when will the right lessons be learned?

surprise, surprise: obama has decided that building colonies on palestinian land in al quds is not such a problem after all:

The US has dropped a demand that Israel freeze settlement construction in East Jerusalem, the Palestinian capital, an Israeli newspaper reported on Thursday.

The newspaper Haaretz, citing Israeli officials and Western diplomats, reported that US envoy George Mitchell capitulated to Israeli Prime Minister Benjamin Netanyahu’s refusal during their meeting in London on Wednesday.

US President Barack Obama and his administration have been pressuring Israel to freeze settlements in the occupied Palestinian territories in order to create conditions for renewed peace negotiations. State Department officials have said in the past that their demand includes East Jerusalem.

Israeli occupied and then annexed East Jerusalem during the June 1967 war. Palestinians and the international community do not recognize the legitimacy of Israeli control in the eastern half of the city.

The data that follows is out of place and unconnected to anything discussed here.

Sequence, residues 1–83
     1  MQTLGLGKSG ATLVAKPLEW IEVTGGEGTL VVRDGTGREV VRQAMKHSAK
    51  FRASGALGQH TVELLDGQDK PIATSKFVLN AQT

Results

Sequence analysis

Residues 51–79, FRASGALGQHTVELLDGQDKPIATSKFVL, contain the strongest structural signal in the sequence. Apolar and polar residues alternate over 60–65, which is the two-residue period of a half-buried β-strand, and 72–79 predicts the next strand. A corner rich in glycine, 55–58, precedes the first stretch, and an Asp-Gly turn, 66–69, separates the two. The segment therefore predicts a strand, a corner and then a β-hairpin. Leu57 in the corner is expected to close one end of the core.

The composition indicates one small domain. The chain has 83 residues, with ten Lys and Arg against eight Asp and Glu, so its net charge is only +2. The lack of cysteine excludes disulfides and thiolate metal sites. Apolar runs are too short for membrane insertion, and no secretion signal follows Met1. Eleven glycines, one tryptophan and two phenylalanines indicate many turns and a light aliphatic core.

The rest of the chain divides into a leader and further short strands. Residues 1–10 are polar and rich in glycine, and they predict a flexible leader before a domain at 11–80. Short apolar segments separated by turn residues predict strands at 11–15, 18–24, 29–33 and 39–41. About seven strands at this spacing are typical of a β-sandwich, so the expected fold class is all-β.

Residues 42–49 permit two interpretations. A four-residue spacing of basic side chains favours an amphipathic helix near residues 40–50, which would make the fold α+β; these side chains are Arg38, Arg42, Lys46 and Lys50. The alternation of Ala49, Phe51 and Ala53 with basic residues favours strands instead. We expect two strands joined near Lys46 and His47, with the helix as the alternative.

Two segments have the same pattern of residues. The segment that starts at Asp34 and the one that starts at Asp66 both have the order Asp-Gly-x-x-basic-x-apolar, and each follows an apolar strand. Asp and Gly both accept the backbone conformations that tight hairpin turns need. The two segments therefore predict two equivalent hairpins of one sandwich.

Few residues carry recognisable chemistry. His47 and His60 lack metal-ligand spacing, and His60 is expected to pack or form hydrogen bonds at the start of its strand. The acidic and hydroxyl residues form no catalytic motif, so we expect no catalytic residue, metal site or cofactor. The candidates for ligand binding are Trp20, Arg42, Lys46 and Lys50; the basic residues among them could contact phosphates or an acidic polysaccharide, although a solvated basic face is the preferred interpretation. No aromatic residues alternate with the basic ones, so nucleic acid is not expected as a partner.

According to Haaretz, Netanyahu offered Mitchell a nine-month freeze on settlement construction in the West Bank excluding Jerusalem. In addition, Netanyahu wants to exclude 2,500 housing units on which construction has already started, and the construction of schools and other structures in the settlements.

In addition, the newspaper said, Israel is demanding that the Palestinian Authority and Arab states make their own concessions in exchange for a freeze. If these measures are not take, the report says, Israel wants guarantees that the US will not oppose an end to the freeze and further settlement construction.

clearly, obama wants to use the american colonial model for its so-called “peace process” (read: colonization process) in palestine. one of the many tactics europeans used to colonize north america was to keep making promises and treaties with tribes that were broken from the moment they were signed. meanwhile, who is building these new colonies that have not halted for a day over the last 122+ years? largely palestinians as this bbc report reveals:

“I feel like a slave,” says 21-year-old Palestinian Musanna Khalil Mohammed Rabbaye.

“But I have no alternative,” he says, as he waits among a group of sun-beaten men in dusty work boots outside the Jewish settlement of Maale Adumim.